5ה׳
1 א

הָאוֹמֵר, מִשְׁקָלִי עָלָי, נוֹתֵן מִשְׁקָלוֹ. אִם כֶּסֶף, כֶּסֶף. אִם זָהָב, זָהָב. מַעֲשֶׂה בְּאִמָּהּ שֶׁל יִרְמַטְיָה שֶׁאָמְרָה, מִשְׁקַל בִּתִּי עָלָי, וְעָלְתָה לִירוּשָׁלַיִם, וּשְׁקָלוּהָ וְנָתְנָה מִשְׁקָלָהּ זָהָב. מִשְׁקַל יָדִי עָלָי, רַבִּי יְהוּדָה אוֹמֵר, מְמַלֵּא חָבִית מַיִם וּמַכְנִיסָהּ עַד מַרְפֵּקוֹ, וְשׁוֹקֵל בְּשַׂר חֲמוֹר וְגִידִין וַעֲצָמוֹת וְנוֹתֵן לְתוֹכָהּ עַד שֶׁתִּתְמַלֵּא. אָמַר רַבִּי יוֹסֵי, וְכִי הֵיאַךְ אֶפְשָׁר לְכַוֵּן בָּשָׂר כְּנֶגֶד בָּשָׂר וַעֲצָמוֹת כְּנֶגֶד עֲצָמוֹת. אֶלָּא שָׁמִין אֶת הַיָּד כַּמָּה הִיא רְאוּיָה לִשְׁקֹל:

One who said: “I vow my weight,” he must pay his weight, in silver [if he had said in] silver, or in gold [if he had said in] gold. It happened with the mother of Yirmatia, who said, “I vow my daughter's weight.” She went up to Jerusalem and weighed her and then paid her weight in gold. [If a man said: “I vow] the weight of my hand,” Rabbi Judah says: let him fill a barrel with water and put it [his hand] in up to the elbow. Then let him weigh the flesh, bones and sinews of a donkey and put it into the barrel until it is filled up again. Rabbi Yose said: “But how is it possible to account exactly one kind of flesh against another kind of flesh, and one kind of bones against another kind of bones? Rather: one estimates what the hand is likely to weigh.

2 ב

דְּמֵי יָדִי עָלָי, שָׁמִין אוֹתוֹ, כַּמָּה הוּא שָׁוֶה בְּיָד, וְכַמָּה הוּא שָׁוֶה בְּלֹא יָד. זֶה חֹמֶר בַּנְּדָרִים מִבָּעֲרָכִין. וְחֹמֶר בָּעֲרָכִין מִבַּנְּדָרִים, כֵּיצַד. הָאוֹמֵר, עֶרְכִּי עָלָי, וָמֵת, יִתְּנוּ הַיּוֹרְשִׁין. דָּמַי עָלָי, וָמֵת, לֹא יִתְּנוּ הַיּוֹרְשִׁים, שֶׁאֵין דָּמִים לַמֵּתִים. עֵרֶךְ יָדִי וְעֵרֶךְ רַגְלִי עָלָי, לֹא אָמַר כְּלוּם. עֵרֶךְ רֹאשִׁי וְעֵרֶךְ כְּבֵדִי עָלָי, נוֹתֵן עֵרֶךְ כֻּלּוֹ. זֶה הַכְּלָל, דָּבָר שֶׁהַנְּשָׁמָה תְלוּיָה בוֹ, נוֹתֵן עֵרֶךְ כֻּלּוֹ:

[If one said] “The worth of my hand is upon me,” they estimate his worth with his hand and [what it would be] without his hand. In this respect vows of worth are more stringent than vows of value. There is an aspect of vows of value that is more stringent than vows of worth. How so? If one said: “My value is upon me” and then he dies, his heirs must pay it. [But if he said:] “My worth is upon me,” and then he dies, his heirs need not pay anything because dead persons have no worth. [If he said,] “The value of my hand or foot is upon me,” he has said nothing, [But if he said,] “The value of my head is upon me,” he must pay his whole value. This is the general rule: Anything upon which his life depends, he must pay his full value.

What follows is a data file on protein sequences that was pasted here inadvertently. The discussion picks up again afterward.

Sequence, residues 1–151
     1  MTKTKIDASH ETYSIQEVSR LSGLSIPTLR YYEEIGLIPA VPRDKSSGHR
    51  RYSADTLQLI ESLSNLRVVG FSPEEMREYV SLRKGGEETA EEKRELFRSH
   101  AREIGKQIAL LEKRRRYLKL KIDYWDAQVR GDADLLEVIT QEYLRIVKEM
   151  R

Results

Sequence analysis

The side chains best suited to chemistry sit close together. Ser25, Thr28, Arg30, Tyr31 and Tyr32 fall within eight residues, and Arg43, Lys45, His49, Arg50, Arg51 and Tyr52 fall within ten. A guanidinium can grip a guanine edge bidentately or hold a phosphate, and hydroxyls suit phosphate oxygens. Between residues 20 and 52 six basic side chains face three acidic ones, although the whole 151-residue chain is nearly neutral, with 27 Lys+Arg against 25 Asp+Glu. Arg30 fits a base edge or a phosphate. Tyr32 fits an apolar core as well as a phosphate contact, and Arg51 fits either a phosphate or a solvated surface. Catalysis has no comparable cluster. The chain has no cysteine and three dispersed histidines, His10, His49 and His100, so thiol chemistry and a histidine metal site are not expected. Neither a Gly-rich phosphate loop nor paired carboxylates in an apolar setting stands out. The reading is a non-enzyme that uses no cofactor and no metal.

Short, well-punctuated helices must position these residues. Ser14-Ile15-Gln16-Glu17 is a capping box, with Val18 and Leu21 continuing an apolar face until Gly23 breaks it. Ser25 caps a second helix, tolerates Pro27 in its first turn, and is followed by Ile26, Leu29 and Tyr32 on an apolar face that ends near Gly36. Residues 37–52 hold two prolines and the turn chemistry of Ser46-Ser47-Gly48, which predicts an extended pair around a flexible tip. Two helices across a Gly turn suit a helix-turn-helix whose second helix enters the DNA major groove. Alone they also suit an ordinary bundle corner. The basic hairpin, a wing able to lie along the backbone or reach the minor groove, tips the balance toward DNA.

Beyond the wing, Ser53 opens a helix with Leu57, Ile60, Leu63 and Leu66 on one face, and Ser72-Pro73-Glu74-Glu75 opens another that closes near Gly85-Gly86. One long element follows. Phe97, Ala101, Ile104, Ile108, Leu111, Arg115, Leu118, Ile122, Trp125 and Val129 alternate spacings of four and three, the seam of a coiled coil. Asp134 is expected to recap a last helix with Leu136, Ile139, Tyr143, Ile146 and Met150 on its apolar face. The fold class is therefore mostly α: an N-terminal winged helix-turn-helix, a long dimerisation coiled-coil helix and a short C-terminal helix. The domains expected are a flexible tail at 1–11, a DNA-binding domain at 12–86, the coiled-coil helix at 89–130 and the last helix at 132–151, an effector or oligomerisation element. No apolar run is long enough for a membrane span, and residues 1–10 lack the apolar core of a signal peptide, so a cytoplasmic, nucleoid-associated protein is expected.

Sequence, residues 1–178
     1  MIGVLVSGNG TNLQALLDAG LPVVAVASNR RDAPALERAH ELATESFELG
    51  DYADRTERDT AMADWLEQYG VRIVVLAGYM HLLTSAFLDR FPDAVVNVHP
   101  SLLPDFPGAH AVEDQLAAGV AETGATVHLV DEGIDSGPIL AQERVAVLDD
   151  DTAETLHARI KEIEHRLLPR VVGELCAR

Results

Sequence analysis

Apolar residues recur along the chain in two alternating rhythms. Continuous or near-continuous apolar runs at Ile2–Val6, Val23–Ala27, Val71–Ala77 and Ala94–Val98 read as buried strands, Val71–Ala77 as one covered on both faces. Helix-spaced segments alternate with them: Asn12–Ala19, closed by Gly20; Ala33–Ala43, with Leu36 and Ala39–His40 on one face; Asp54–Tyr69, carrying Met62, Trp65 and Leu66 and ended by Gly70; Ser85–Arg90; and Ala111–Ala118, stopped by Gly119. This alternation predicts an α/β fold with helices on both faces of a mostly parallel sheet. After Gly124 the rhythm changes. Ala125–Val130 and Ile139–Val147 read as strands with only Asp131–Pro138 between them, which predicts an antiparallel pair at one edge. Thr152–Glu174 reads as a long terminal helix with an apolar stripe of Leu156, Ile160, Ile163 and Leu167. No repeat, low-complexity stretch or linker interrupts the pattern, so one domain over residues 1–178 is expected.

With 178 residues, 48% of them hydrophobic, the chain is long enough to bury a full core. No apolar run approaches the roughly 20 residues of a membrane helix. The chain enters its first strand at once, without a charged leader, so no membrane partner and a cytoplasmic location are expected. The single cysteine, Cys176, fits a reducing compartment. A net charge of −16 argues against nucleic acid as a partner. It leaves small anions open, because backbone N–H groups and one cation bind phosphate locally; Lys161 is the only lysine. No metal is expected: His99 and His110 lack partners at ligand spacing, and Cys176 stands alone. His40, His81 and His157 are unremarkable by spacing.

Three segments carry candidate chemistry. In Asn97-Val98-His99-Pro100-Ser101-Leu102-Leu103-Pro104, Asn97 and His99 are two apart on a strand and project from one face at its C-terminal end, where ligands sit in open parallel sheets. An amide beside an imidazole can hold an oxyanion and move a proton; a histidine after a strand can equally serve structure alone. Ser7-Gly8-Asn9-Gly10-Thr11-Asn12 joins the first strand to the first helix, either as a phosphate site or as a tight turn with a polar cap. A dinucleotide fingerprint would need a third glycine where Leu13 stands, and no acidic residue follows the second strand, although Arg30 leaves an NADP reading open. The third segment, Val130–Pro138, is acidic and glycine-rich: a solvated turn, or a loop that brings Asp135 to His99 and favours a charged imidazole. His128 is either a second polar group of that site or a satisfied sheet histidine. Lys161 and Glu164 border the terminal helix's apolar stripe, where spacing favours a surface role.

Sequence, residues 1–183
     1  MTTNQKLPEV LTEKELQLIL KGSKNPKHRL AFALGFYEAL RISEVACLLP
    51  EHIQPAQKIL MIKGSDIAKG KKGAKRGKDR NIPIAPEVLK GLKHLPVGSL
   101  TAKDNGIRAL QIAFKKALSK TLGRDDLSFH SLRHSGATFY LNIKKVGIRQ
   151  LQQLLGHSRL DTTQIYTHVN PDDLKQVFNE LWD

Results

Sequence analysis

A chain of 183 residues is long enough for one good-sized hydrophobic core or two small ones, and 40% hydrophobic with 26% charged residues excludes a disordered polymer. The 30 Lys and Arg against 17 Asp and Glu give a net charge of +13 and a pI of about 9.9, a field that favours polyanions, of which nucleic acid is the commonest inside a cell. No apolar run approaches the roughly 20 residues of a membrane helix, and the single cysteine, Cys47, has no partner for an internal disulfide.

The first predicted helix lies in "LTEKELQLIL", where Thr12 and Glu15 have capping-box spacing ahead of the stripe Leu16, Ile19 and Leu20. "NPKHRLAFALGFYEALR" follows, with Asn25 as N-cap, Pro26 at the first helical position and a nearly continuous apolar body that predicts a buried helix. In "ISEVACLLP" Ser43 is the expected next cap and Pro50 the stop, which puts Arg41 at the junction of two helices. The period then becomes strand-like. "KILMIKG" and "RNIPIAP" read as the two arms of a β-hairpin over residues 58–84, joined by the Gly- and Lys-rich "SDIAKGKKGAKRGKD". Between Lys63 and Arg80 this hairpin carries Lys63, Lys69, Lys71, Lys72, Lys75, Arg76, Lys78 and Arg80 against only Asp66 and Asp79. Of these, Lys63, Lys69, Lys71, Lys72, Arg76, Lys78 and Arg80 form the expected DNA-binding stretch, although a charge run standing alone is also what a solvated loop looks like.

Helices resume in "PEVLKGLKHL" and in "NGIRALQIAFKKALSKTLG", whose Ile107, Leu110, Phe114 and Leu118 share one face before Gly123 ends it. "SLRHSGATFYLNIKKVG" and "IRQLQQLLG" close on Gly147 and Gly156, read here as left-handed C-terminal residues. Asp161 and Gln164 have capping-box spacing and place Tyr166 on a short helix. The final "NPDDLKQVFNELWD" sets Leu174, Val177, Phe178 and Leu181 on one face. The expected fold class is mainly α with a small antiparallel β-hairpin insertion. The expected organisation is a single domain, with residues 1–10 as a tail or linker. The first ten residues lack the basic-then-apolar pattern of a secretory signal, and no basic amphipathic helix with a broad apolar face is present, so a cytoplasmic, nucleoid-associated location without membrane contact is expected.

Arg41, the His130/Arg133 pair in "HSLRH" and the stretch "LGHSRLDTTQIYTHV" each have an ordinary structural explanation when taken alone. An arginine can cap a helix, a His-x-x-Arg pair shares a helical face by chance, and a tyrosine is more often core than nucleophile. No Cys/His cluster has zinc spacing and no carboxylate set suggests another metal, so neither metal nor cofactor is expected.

3 ג

חֲצִי עֶרְכִּי עָלָי, נוֹתֵן חֲצִי עֶרְכּוֹ. עֵרֶךְ חֶצְיִי עָלָי, נוֹתֵן עֵרֶךְ כֻּלּוֹ. חֲצִי דָמַי עָלָי, נוֹתֵן חֲצִי דָמָיו. דְּמֵי חֶצְיִי עָלָי, נוֹתֵן דְּמֵי כֻלּוֹ. זֶה הַכְּלָל, דָּבָר שֶׁהַנְּשָׁמָה תְלוּיָה בוֹ, נוֹתֵן עֵרֶךְ כֻּלּוֹ:

[If one said:] “Half my value is upon me,” he must pay half his evaluation. [But if he said,] “The value of one half of me he is upon me,” he must pay his full value. [If he said] “Half of my worth is upon me,” he must pay half his worth. [If he said,] “The worth of half of me is upon me,” he must pay his whole worth. This is the general rule: Anything on which his life depends, he must pay his whole worth.

4 ד

הָאוֹמֵר, עֶרְכּוֹ שֶׁל פְּלוֹנִי עָלָי, מֵת הַנּוֹדֵר וְהַנִּדָּר, יִתְּנוּ הַיּוֹרְשִׁין. דָּמָיו שֶׁל פְּלוֹנִי עָלָי, מֵת הַנּוֹדֵר, יִתְּנוּ הַיּוֹרְשִׁין. מֵת הַנִּדָּר, לֹא יִתְּנוּ הַיּוֹרְשִׁין, שֶׁאֵין דָּמִים לַמֵּתִים:

If he said: “The value of so-and-so is upon me,” if both the vower and the subject of the vow died, then the heirs must pay it. [If he said,] “The worth of so-and-so is upon me,” and the vower died, the heirs must pay it. But if the subject of the vow died, the heirs need not pay anything because dead persons have no worth.

5 ה

שׁוֹר זֶה עוֹלָה, בַּיִת זֶה קָרְבָּן, מֵת הַשּׁוֹר וְנָפַל הַבַּיִת, אֵינוֹ חַיָּב לְשַׁלֵּם. דְּמֵי שׁוֹר זֶה עָלָי עוֹלָה, אוֹ דְּמֵי בַיִת זֶה עָלָי קָרְבָּן, מֵת הַשּׁוֹר וְנָפַל הַבַּיִת, חַיָּב לְשַׁלֵּם:

[If someone said:] “This ox shall be an olah [a whole burnt offering],” or “This house shall be an olah,” and the ox died or the house fell down, he is not obligated to pay. [But if he said:] “This ox is upon me as an olah” or “this house is upon me as an olah” and the ox died, or the house fell down, he is obligated to pay [their worth].

6 ו

חַיָּבֵי עֲרָכִים, מְמַשְׁכְּנִין אוֹתָן. חַיָּבֵי חַטָּאוֹת וַאֲשָׁמוֹת, אֵין מְמַשְׁכְּנִין אוֹתָן. חַיָּבֵי עוֹלוֹת וּשְׁלָמִים, מְמַשְׁכְּנִין אוֹתָן אַף עַל פִּי שֶׁאֵין מִתְכַּפֵּר לוֹ עַד שֶׁיִּתְרַצֶּה, שֶׁנֶּאֱמַר (ויקרא א), לִרְצוֹנוֹ, כּוֹפִין אוֹתוֹ עַד שֶׁיֹּאמַר, רוֹצֶה אָנִי. וְכֵן אַתָּה אוֹמֵר בְּגִטֵּי נָשִׁים, כּוֹפִין אוֹתוֹ עַד שֶׁיֹּאמַר, רוֹצֶה אָנִי:

With regard to those who made a vow of value: they take a pledge from them. With regard to those obligated to bring a hatat or asham: they do not take a pledge. With regard to those obligated to bring an olah or a shelamim: they do take a pledge. And even though he is not atoned for unless he is willing [to pay his obligation], as it is said: “willingly” (Leviticus 1:3), they coerce him until he says: I agree. The same is true in the case of divorce documents: they coerce him until he says: I agree.